After a year of twists and turns on the Amazon HQ2 roller coaster, it ended as we expected: in the same place that we started and sick to our stomachs. Amazon passed over dozens of communities that could have really benefited from the company’s presence and instead chose to split its new headquarters between two of the most dynamic cities in the country ― New York and Arlington, Virginia ― that were likely the front-runners in the competition all along.
Cities across the country offered billions of dollars to the richest man in the world but probably didn’t change his investment decision. This crazy process seems shocking but is actually more common than unique in economic development.
If we go back a year, the seeds of this absurdity were already planted. Amazon, one of the most sophisticated companies in the world, issued a public call for bids for a $5 billion, 50,000-job investment. It listed its requirements on a simple PDF and provided a generic email address that seemed more like a Nigerian prince email scam than a thoughtful call to assess candidates for a multibillion-dollar investment.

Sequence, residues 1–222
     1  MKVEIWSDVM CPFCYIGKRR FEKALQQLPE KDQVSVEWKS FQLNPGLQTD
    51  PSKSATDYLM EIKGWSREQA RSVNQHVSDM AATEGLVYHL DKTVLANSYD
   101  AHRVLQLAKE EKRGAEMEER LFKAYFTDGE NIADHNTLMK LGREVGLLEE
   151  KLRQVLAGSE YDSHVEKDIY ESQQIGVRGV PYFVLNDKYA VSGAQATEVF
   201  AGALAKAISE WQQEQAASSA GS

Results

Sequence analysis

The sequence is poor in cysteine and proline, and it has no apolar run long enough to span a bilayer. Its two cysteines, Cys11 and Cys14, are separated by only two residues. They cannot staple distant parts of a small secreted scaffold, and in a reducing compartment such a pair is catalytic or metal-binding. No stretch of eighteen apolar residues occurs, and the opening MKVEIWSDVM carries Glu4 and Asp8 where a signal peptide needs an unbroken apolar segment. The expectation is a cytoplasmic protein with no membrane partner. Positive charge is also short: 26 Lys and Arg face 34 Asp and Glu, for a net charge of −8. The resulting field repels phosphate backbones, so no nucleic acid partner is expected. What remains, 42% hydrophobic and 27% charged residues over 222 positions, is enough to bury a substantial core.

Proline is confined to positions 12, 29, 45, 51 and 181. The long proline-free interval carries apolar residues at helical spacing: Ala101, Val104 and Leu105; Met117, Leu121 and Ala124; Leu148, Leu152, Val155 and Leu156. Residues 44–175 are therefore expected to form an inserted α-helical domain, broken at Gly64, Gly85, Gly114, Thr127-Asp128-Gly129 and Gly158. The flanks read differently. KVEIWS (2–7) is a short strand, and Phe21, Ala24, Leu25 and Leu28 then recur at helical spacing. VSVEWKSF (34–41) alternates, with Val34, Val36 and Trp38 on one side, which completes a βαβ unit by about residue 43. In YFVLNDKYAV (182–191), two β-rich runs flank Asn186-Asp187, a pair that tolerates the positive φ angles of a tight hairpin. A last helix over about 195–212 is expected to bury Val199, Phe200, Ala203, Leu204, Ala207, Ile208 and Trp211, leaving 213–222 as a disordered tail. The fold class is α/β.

Many locations hid their HQ2 bids from the public and from city leaders. Chicago, New York, Pittsburgh, Philadelphia and Virginia hid their bids through legal challenges. Places like Austin and Dallas submitted their bids through their Chambers of Commerce, which aren’t subject to public records laws. Some mayor’s offices claimed that they didn’t keep a copy of the bid so they couldn’t respond to public records requests. Even in January 2018, when Amazon announced a second round of the competition, narrowing the candidates to 20 finalists, most cities kept their bids secret.
This secrecy in economic development has become the norm. The public rarely finds out about deals like those offered for HQ2, given the code names Project Clancy in New York and Project Cooper in Virginia, until a local politician makes an announcement.